The group reformed again in 1991 for The Return of the Brecker Brothers (GRP, 1992), when the brothers Brecker returned to a far more electrified kind of energy, largely as an alternative to both players' more frequent work in acoustic environs in the years in between. But if Straphangin' were to actually be the group's last record, The Brecker Brothers would have gone out on a high note.
The Brecker Brothers broke up after a string of six records on ex-Columbia mogul Clive Davis' fledgling Arista Records between 1975 and 1981, with Michael going onto a particularly successful solo career, but Randy and Michael reunited The Brecker Brothers again in the early 1990s for two fine albums—The Return of the Brecker Brothers (GRP, 1992) and Out of the Loop (GRP, 1994)—plus a couple of tours with a largely revamped lineup. Furthermore, Randy may have been the titular head of 2006's Some Skunk Funk (Telarc, 2006), a collaboration with Germany's WDR Big Band and orchestrator/arranger Vince Mendoza, but with Will Lee on bass, Peter Erskine on drums, Jim Beard on keys and Michael given second billing beneath his brother, it was essentially another Brecker Brothers reunion—and, tragically, the last one there'd ever be with both brothers, as Michael succumbed to a fatal blood disorder in January 2007, just two months shy of his 57th birthday.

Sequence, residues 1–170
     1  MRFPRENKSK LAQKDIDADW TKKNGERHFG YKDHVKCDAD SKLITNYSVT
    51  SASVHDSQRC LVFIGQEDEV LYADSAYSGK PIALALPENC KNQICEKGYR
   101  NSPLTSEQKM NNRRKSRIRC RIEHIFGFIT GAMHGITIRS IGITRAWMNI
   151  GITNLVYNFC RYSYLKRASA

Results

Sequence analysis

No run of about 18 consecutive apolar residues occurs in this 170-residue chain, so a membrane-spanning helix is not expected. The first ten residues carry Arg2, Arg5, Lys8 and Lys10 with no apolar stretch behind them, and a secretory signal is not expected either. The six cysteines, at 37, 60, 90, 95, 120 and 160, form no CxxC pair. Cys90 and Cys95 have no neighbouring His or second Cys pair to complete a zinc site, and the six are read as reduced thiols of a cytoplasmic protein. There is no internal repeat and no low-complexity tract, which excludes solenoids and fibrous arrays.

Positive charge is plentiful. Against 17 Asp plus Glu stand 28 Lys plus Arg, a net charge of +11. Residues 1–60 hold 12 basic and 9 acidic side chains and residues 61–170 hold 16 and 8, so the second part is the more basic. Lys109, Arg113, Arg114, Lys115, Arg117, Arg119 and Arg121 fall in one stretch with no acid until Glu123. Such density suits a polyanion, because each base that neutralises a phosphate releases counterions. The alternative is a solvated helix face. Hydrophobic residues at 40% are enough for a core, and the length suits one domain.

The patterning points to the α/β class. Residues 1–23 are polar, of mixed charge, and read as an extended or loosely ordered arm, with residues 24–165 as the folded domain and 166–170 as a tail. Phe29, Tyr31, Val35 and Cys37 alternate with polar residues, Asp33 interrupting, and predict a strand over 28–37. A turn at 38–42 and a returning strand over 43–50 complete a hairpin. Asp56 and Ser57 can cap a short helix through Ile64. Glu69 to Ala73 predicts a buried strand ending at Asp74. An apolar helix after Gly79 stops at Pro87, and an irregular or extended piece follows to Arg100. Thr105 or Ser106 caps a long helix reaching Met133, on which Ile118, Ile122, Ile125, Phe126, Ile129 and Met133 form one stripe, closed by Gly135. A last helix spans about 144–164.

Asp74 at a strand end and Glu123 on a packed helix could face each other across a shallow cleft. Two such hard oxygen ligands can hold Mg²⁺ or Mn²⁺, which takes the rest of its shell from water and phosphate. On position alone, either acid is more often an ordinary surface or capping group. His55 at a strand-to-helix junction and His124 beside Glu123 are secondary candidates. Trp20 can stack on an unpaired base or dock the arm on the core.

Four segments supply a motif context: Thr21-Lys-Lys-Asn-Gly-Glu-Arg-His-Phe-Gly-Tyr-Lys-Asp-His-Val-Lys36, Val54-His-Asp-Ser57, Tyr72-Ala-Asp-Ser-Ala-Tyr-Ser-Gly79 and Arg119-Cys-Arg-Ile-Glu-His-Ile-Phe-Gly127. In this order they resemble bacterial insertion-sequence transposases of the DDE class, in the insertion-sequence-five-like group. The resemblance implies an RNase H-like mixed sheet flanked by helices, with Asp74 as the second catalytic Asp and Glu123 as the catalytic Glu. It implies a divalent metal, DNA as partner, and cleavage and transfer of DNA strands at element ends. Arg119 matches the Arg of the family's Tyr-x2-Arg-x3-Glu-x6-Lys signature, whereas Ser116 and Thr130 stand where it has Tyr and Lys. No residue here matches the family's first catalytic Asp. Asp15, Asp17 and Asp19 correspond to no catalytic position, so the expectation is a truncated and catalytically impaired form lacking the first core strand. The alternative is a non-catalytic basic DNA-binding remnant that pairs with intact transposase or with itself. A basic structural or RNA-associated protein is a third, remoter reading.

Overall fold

01. Song For Barry
02. King Of The Lobby
03. Big Idea
04. Above & Below
05. That's All There Is To It
06. Wakaria (What's Up?)
07. On The Backside
08. Sozinho (Alone)
10. Good Gracious
The Brecker Brothers was the musical duo of Michael (saxophone, flute, and EWI) and Randy Brecker (trumpet, flugelhorn), who recorded commercially successful jazz fusion albums together in the 1970s, 1980s, and 1990s. They had a notable hit single with "East River" in 1979. It reached #34 in the UK Singles Chart.
Older brother Randy first became famous as an original member of the group Blood, Sweat & Tears. He appeared on their debut album Child Is Father to the Man in 1968. In addition to recording their own compositions, the brothers frequently played together as session musicians on albums by many other artists. They were heard on Todd Rundgren's hit Hello It's Me which reached #5 on the Billboard Hot 100 chart in 1972. Other notable appearances include Parliament's Mothership Connection and the debut album of the Japanese fusion group Casiopea. The brothers were touring as members of Frank Zappa's band in the late 1970s and appeared on the 1977 album Zappa in New York. Both brothers also had prolific recording careers as leaders of their own ensembles.
Their collaborations came to an end in 2007, when Michael Brecker died from leukemia.